When Kids Fight

By Lisa Hamel

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Let’s face it. Kids fight. The strong willed ones can seem to create conflict out of thin air while the easy going kid can be subversive or find ways to “push buttons.”  As a parent it is not something we have the opportunity to plan for. It happens not only at home but also in the car, in front of neighbors and even at church!

My husband and I were both middle children. We are peacemakers and we just want everyone to get along! No one wants their kids to argue, but these conflicts are opportunities to learn. As a parent, you may have grown up in a home where you watched your own parents yell or walk off in a huff. Or maybe you never watched your parents resolve conflict. If that’s the case, you may not have strong skills in resolving your own marital conflict, and on and on the cycle goes for your children. If we want to learn, model and equip our children with the relational skills to RESOLVE conflict, not just move past it until it dies down we are going to have to do three things:

1. Identify our feelings. Notice I didn’t say follow them! The person who can stop when they are angry and articulate that they feel upset using wise words is going to preserve the relationships much more than the person who just reacts. Again, let me reiterate that we don’t follow our feelings, but we do need to understand that we are having them. There are many more nuances for feelings, but when we are in a fight, it’s best to keep it simple. Life Model Works uses these 6 basic, negative emotions. 

Angry - This includes feeling frustrated.

Sad - I feel loss.

Fear - This includes feeling stress.

Shame - I feel bad about what I’ve done.

Hopeless Despair - I’m overwhelmed! I don’t have the resources for what is required of me.

Disgust - I’m grossed out and it effects me viscerally.

Any negative feeling can fit into one of these emotions. These are the result of being born into a sinful world with a broken body and brain! I find this list super helpful because it gives us handles and a vocabulary to understand each other and move forward. 

2.  Have some ground rules. Ground rules for conflict resolution help everyone involved!

Try these rules out at home:

Speaker: “I felt……….”

It’s important that they talk about their feelings, not just express them. (If they struggle to stay calm, take deep breaths with them. It may be hard to identify their feelings at first but with practice, they will grow!)

Keep it short.

Stay calm.

Listener:

  • Stay calm.
  • Don’t interrupt. Wait until it’s your turn to speak.
  • Listen well enough to repeat back what was said to you. 
  • Repeat it back so the speaker feels heard.

Then switch places. Once everyone feels “heard”, pray together! Ask God to show you how He sees the other person. If your kids are very young, you can still use this concept.  I keep a list of the above emotions with a matching facial expression, which helps my autistic son. If you use these ground rules, your kids and teens will soon be able to resolve conflict without a parental mediator!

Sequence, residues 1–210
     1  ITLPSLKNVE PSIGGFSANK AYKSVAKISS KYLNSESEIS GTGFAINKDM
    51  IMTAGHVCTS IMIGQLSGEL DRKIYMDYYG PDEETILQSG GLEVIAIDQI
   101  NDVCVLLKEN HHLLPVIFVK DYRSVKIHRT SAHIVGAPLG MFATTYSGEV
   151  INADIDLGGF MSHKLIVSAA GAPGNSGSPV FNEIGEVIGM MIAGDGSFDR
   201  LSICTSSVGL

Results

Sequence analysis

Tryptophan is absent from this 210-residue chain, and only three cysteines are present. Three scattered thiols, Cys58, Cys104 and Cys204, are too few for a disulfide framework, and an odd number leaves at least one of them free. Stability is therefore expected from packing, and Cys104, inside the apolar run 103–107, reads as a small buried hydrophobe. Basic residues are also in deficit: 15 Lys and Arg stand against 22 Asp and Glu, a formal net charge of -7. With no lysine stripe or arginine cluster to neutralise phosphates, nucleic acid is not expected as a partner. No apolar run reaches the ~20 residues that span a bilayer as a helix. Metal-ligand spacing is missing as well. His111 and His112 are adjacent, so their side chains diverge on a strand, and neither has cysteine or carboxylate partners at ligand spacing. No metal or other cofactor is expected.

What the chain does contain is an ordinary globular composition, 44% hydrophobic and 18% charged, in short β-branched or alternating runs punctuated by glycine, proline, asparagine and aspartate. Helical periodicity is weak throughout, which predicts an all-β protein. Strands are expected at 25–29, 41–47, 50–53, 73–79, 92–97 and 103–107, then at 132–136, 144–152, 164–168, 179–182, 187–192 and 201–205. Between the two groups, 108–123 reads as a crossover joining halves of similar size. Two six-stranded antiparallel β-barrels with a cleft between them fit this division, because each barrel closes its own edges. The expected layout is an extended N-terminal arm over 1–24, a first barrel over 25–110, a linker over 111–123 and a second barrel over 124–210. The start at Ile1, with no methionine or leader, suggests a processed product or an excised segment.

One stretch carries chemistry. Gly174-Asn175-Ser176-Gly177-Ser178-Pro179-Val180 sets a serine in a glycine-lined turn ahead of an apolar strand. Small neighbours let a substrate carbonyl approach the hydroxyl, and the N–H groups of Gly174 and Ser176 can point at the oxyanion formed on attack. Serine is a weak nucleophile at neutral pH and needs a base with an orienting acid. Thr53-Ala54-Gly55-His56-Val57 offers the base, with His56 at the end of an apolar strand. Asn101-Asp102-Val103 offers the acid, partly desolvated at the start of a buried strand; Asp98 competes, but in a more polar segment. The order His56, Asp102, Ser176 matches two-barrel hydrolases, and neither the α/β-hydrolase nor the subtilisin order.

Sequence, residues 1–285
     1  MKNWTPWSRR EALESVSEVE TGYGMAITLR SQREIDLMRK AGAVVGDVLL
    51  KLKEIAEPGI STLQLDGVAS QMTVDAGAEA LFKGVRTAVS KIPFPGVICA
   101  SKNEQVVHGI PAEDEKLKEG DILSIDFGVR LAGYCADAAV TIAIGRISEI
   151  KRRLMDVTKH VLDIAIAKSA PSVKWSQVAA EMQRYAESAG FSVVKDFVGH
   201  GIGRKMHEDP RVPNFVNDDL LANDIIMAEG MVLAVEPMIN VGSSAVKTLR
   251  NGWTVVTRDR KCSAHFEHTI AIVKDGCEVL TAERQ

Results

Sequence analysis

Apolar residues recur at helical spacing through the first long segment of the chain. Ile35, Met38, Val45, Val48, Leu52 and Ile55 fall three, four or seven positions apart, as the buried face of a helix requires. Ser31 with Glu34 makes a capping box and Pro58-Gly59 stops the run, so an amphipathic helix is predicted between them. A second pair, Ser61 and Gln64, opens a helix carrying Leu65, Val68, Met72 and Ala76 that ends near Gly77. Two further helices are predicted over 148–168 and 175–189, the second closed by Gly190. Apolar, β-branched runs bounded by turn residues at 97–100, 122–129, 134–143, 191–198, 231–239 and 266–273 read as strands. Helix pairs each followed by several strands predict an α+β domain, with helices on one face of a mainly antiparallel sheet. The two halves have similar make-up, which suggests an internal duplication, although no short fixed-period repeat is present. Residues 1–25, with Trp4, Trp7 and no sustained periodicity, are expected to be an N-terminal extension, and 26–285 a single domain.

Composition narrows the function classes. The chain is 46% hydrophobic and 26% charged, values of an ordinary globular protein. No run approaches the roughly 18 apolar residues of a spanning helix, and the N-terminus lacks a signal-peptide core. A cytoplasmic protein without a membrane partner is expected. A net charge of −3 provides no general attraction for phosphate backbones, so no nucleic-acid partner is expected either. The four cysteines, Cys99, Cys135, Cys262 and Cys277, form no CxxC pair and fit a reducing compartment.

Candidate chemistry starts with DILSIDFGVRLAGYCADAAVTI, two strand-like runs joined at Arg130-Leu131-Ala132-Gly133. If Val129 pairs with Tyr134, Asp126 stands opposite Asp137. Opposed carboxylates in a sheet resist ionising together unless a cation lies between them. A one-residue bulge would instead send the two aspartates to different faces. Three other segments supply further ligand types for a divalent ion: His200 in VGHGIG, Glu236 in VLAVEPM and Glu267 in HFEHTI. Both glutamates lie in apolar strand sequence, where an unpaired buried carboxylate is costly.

Now I know what you’re thinking. “Lisa, there isn’t always time to sit down and flesh out every argument - life moves fast!” This is true, not every argument has time for a sit down, heart to heart talk. We can, however learn to pursue peace as a family, which brings me to my next point.

3. Create a culture of honor in our home. We honor each other’s feelings, even if they seem ridiculous to us. We honor each other’s property. We honor each other’s hearts.  

Dr. Jim Wilder, of Life Model Works, has honed the concept of honor, which he calls the "relational sandwich." This is about keeping the relationship bigger than the problem. It matters more that we stay relational than that we are right. So for those nit picky arguments that happen in the car on the way to school, you might say-

“We want to be a family that honors each other and when you shove each other before getting in the car, no one feels better about their day and it makes me sad to see you be unkind to each other. So let’s try to be a family that honors each other.”

Did you notice that the “parent message” about behavior was in the middle? It was surrounded on both sides by reinforcing the family or group identity as one of honor.

Creating a culture of honor takes time! This is not a quick fix but Galatians 6:9 says:

“Let us not become weary in doing good, for at the proper time we will reap a harvest if we do not give up.”

My children still fight; after all, they are still human and broken. But I have noticed more and more of this kindness flow from them. Every argument is an opportunity to remember that we are sinners who need a Savior. Thank you Jesus for your sacrifice! We can actually make our relationships stronger through healthy resolution than they were before! This will help them in their future relationships and marriages, and it can help your marriage too!


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Lisa is currently "SAHM-ing." In the past she has been a pastoral counselor, a singer, a music director, and an accountant! She lives in a multi generational home in the Pacific Northwest with her two boys, her amazing husband, and her mother. She is a coffee snob and a health nut who loves to dance like no one is watching. Check her out on Instagram and Facebook!